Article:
Why NSA cyberspying makes Americans less safe
Since the NSA phone and cyberspying scandals aren't Texas-specific issues and have been widely covered elsewhere, this blog has largely ignored the subject (though personally I've watched it all unfold fairly closely). But for those keeping track, a pair of essays from IT security expert Bruce Schneier last week merit attention:
I'd also missed an excellent essay from earlier in the month in which Schneier explained why the NSA's tactics pose cyber-security risks to average Americans, arguing that "the NSA is subverting the Internet and turning it into a massive surveillance tool." Wrote Schneier:
Among IT security professionals, it has been long understood that the public disclosure of vulnerabilities is the only consistent way to improve security. That's why researchers publish information about vulnerabilities in computer software and operating systems, cryptographic algorithms, and consumer products like implantable medical devices, cars, and CCTV cameras.
It wasn't always like this. In the early years of computing, it was common for security researchers to quietly alert the product vendors about vulnerabilities, so they could fix them without the "bad guys" learning about them. The problem was that the vendors wouldn't bother fixing them, or took years before getting around to it. Without public pressure, there was no rush.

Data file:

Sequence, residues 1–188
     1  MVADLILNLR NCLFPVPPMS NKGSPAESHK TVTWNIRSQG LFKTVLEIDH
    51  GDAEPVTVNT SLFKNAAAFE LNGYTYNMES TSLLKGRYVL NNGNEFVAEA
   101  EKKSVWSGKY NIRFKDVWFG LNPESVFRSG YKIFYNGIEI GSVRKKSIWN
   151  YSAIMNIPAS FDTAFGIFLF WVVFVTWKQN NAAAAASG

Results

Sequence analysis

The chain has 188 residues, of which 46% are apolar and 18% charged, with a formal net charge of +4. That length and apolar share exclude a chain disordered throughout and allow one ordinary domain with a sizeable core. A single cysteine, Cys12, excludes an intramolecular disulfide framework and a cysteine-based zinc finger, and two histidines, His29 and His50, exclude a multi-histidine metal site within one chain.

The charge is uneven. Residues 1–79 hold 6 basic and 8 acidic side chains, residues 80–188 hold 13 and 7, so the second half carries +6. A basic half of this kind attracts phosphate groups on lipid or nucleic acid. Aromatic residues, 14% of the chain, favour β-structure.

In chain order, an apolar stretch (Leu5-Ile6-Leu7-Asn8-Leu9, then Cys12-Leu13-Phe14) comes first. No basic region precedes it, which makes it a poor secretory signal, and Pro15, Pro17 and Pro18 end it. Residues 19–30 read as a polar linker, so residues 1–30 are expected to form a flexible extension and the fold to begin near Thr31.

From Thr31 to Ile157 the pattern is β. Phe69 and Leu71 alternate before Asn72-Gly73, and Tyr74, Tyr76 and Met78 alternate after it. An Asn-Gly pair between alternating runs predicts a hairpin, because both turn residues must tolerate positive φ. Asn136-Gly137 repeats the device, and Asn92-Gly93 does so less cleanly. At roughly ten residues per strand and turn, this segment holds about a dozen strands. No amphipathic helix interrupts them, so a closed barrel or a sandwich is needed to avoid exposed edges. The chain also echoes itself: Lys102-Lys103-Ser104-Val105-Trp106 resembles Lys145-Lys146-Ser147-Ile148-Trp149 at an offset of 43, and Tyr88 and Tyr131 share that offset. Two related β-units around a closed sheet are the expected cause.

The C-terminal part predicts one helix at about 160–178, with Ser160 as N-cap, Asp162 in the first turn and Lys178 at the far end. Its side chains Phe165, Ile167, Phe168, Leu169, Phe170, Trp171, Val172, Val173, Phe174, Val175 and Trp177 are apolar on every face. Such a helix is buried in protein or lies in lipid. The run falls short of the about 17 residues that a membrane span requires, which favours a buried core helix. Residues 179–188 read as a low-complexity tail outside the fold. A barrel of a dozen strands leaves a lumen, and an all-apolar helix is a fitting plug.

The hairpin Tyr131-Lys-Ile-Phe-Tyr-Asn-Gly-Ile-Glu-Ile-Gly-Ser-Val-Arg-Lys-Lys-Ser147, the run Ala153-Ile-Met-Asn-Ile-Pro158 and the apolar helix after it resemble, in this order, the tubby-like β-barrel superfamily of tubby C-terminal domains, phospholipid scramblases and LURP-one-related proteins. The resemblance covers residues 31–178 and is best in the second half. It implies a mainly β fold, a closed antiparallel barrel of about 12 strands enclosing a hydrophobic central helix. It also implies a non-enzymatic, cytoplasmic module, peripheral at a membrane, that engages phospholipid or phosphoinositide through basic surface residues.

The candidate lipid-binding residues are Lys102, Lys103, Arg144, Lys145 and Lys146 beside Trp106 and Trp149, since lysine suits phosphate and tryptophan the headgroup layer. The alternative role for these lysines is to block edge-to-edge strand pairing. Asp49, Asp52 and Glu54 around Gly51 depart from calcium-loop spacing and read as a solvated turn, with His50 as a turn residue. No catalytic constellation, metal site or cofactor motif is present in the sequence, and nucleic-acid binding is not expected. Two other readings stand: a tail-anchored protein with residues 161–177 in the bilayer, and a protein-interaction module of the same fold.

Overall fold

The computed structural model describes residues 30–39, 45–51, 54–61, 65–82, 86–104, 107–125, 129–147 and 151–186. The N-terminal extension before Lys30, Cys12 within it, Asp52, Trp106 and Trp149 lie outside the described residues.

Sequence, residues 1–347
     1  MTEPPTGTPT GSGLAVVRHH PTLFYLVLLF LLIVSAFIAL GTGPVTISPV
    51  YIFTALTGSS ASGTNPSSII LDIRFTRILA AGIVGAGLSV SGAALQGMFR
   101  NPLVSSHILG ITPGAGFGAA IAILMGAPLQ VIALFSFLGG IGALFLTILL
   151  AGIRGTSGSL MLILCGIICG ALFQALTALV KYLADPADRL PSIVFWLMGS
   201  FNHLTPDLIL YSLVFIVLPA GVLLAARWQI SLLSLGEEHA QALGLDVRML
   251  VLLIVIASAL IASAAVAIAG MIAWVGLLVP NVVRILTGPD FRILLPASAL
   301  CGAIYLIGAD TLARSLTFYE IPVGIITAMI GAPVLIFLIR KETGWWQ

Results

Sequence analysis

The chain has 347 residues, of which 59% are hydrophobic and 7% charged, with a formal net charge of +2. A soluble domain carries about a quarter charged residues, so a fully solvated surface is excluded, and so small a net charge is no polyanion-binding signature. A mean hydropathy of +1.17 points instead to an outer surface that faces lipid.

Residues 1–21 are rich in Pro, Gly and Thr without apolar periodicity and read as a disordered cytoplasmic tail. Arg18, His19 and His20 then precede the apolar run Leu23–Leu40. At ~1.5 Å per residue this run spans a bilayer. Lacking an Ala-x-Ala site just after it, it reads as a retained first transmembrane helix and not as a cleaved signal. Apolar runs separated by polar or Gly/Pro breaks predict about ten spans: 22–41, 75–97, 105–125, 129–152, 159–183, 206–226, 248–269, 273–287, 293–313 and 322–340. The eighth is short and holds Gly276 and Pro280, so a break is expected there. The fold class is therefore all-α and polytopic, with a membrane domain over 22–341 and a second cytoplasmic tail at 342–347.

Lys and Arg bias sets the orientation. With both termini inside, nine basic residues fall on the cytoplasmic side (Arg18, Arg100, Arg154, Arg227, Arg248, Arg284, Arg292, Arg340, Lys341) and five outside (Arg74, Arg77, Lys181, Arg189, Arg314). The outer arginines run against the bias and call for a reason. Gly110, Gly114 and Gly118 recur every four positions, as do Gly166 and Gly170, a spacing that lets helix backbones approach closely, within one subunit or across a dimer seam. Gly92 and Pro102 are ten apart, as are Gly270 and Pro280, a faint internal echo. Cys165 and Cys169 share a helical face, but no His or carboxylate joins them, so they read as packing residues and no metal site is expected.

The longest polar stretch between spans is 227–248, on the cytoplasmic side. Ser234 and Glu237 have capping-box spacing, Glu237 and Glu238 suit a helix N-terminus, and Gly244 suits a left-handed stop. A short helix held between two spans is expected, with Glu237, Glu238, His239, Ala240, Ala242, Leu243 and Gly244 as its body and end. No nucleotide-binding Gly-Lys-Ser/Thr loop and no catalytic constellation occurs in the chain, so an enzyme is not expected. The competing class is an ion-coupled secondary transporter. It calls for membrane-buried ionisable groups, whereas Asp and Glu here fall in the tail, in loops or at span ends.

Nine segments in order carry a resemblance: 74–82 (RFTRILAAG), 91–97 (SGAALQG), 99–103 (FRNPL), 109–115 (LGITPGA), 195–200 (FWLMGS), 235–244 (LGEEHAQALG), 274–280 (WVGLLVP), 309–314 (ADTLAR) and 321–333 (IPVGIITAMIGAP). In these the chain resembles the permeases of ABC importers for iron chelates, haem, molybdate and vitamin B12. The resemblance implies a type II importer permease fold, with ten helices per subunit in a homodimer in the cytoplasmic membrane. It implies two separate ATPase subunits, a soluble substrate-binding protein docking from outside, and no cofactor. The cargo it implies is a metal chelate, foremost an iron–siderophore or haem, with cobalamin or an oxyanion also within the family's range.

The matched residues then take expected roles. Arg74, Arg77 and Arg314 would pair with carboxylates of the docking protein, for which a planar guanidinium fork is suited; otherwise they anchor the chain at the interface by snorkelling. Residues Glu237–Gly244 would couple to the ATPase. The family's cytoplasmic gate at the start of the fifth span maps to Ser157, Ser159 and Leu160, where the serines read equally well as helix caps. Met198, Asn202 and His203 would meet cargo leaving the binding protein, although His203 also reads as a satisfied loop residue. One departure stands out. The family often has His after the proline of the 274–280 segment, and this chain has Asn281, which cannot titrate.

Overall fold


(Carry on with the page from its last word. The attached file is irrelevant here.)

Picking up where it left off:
This all changed when researchers started publishing. Now vendors are under intense public pressure to patch vulnerabilities as quickly as possible. The majority of security improvements in the hardware and software we all use today is a result of this process. This is why Microsoft's Patch Tuesday process fixes so many vulnerabilities every month. This is why Apple's iPhone is designed so securely. This is why so many products push out security updates so often. And this is why mass-market cryptography has continually improved. Without public disclosure, you'd be much less secure against cybercriminals, hacktivists, and state-sponsored cyberattackers.

The NSA's actions turn that process on its head, which is why the security community is so incensed. The NSA not only develops and purchases vulnerabilities, but deliberately creates them through secret vendor agreements. These actions go against everything we know about improving security on the Internet.

It's folly to believe that any NSA hacking technique will remain secret for very long.